So Peter and I walked down the beach, braving the chilly breeze, wishing that I had on more than just shorts a t-shirt.  I felt as though Peter didn’t want to be walking with me, but I was happy to explore more of the beach anyway.

Before long, we came upon a crowd of people.  They all looked the same to me: monochrome shirts with khaki or jean shorts.  Brown hair and baseball hats. 

“Lets check this out,” Peter offered. 
I obliged and was excited because I got to go into the water.  Despite being cold, the water was always fun for me.

I immediately regretted wading into the shallow water.  While it was warmer than the air, the difference in temperature was jarring.  I wished even more for sleeves and a sandwich.  We shuffled in to the back of the crowd.  Small wind-driven waves lapped at my calves.  Splashes of water leapt up my legs.  I could feel the cold in my bones now.  I looked down at the water to find it awfully churned up: I could barely see my hand only two inches down from the surface.  Weeds tickled and teased my feet and ankles.  I knew they were there, I could seem floating, but I couldn’t see the ones near my feet.  That made me very uncomfortable.

I didn’t want to stop moving.  Lets keep going, I willed to Peter.  I looked up at him and his big round glasses, big round head, and receding hair line.  He did not look down.  I frowned and squatted so I could pull my shirt over my legs.  My butt hit the water and I was simultaneously cold and warm.  The water line on my shirt was moving up slowly, soaking up the oceanic waters.

“You want my shirt?” Peter finally looked down at me.
“No thanks,” I replied as I maneuvered my legs further under my shirt and continued to squat.  I was having less and less fun by the minute.

I stood up again and let the water drip from my shirt, as it did taking all the remaining warmth I had with them.  Following the stares of the crowd in front of me, I finally decided to find out why we were here. 

At the front of the pack, there was a rather large stage with banners of red and whites with advertisements saying “buy this!”.   Atop the stage was a man in jeans, a tank top, a cowboy hat, and a megaphone.  In his right hand he held a large pitcher with some kind of clear liquid as its contents.  His voice was blasting out, in what could only be phrases meant to stir up a crowd.  The crowd cheered.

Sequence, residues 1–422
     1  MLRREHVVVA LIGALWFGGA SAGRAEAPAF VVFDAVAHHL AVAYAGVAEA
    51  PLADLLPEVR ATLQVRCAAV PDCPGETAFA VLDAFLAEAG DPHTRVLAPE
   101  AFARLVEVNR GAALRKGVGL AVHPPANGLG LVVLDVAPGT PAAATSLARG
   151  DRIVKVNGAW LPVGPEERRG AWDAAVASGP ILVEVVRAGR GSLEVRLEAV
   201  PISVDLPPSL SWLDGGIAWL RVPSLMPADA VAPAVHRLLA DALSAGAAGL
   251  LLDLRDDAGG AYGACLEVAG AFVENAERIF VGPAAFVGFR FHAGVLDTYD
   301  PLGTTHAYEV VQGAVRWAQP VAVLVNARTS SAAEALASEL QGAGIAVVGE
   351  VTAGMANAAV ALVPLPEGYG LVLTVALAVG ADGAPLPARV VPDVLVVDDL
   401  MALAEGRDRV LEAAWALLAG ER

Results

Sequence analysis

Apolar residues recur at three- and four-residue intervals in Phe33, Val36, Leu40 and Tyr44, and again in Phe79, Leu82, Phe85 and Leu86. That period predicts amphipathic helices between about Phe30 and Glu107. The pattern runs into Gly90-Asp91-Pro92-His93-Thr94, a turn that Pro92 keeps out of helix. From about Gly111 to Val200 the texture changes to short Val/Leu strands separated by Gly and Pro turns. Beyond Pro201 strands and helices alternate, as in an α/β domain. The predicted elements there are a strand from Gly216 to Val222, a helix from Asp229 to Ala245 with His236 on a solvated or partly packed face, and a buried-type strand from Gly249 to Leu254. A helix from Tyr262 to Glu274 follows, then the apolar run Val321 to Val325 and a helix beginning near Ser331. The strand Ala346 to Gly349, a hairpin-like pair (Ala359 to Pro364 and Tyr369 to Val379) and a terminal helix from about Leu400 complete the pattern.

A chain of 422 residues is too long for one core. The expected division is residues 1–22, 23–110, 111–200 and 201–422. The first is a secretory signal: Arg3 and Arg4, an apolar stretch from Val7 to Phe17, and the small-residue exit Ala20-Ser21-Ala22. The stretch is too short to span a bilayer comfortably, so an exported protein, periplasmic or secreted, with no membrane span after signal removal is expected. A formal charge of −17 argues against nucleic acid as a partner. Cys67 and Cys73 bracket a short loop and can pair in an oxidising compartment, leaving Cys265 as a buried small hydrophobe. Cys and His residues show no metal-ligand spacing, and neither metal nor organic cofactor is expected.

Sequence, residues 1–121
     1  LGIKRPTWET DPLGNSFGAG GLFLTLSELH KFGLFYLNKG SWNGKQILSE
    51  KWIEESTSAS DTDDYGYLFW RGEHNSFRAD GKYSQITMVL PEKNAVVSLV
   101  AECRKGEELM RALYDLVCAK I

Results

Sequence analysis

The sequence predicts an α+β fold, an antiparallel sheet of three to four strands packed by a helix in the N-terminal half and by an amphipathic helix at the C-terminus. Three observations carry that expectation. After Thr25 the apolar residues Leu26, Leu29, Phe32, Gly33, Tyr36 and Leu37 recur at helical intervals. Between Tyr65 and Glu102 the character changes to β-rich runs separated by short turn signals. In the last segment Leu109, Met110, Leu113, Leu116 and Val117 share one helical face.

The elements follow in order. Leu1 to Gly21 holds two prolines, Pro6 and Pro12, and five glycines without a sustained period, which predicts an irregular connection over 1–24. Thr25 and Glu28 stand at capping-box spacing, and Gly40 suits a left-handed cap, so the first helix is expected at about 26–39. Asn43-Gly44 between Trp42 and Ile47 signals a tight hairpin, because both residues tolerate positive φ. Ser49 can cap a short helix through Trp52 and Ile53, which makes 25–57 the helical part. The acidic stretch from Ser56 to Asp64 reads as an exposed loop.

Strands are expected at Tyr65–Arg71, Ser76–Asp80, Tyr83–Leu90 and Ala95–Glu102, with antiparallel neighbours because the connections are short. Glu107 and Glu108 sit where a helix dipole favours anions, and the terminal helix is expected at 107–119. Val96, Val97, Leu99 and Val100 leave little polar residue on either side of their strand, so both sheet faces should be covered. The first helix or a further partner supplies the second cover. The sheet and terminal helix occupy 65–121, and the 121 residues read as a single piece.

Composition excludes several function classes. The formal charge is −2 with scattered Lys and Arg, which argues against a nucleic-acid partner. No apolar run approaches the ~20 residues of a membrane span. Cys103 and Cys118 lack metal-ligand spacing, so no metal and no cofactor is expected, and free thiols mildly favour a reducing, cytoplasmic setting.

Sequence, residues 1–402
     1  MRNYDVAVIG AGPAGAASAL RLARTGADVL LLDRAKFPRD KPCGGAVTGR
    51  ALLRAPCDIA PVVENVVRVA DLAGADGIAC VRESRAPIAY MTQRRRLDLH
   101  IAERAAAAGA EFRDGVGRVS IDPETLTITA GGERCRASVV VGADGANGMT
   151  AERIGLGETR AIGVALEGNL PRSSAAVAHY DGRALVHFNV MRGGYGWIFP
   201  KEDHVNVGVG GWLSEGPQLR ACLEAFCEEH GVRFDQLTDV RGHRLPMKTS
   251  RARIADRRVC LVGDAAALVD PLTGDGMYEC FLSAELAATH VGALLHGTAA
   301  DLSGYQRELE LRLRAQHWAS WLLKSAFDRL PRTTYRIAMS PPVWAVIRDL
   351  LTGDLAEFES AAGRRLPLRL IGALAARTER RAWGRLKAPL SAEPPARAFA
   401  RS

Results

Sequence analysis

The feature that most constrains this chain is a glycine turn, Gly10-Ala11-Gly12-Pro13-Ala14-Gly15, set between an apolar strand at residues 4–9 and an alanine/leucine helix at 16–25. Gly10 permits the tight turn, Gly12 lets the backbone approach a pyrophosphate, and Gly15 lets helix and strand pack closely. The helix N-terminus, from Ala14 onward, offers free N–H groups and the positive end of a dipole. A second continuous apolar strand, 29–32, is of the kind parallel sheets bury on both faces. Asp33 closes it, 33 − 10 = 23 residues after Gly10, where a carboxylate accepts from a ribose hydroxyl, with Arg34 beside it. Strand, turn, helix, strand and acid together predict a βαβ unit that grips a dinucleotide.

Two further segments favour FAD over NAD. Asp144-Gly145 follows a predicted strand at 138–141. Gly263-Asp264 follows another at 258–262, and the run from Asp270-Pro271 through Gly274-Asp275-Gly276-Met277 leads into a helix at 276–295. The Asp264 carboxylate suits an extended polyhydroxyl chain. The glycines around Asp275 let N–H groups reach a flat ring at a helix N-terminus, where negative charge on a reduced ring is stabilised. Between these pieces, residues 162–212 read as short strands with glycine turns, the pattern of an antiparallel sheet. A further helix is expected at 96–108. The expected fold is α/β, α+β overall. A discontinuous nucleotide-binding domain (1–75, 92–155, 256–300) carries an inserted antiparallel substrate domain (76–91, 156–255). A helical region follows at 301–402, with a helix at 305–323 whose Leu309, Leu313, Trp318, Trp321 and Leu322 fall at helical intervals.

The man with the megaphone turned to his right and held the pitcher up over a rather large woman that was next to him.  This woman looked to be only a very large white t-shirt.  Her chest seemed as though it wanted to burst through her shirt even dry.  The next moment, the man with the megaphone dumped the liquid all down the front of the large woman’s shirt exposing the woman’s curves as the shirt adhered almost instantly to her.

The crowd cheered louder – a distinct basal tone which could not be mistaken for anything other than a crowd of men.

The woman with the extremely wet white t-shirt raised her shirt exposing herself.  She bounced several times so that nearly all of her upper torso seemed to jiggle and bounce with her.  This elicited a stronger cheer from the crowd.  I didn’t look at her long, but I was fascinated by her chest.  I stared at her for a short time wondering if it hurt to do that; indeed there was so much of her bouncing around up there.

I looked away for a moment and just as I did, I felt myself be swept backward and up in the air.  I thought I was very high off the ground and going very fast.  In another situation this may have been fun for me, but something I could feel in the air told me that this was not a time to be having fun.  The splashing of the water behind my father fascinated me too – I could see the trail leading to the spot Peter and I had occupied, and I saw the crowd was not as large as their cheers made them out to be.  Peter was left standing in the water, arms crossed, looking a mixture of surprised and confused.

My father hauled me off all the way to the picnic area, which wasn’t quite set up yet.  My father’s date waited for us there looking neither concerned nor anything really.  She just sat there, on the picnic blanket.

I was placed beside her and my father sat on her other side.  We ate silently for a time then my father’s girlfriend turned to me and asked, “So, how was your afternoon?”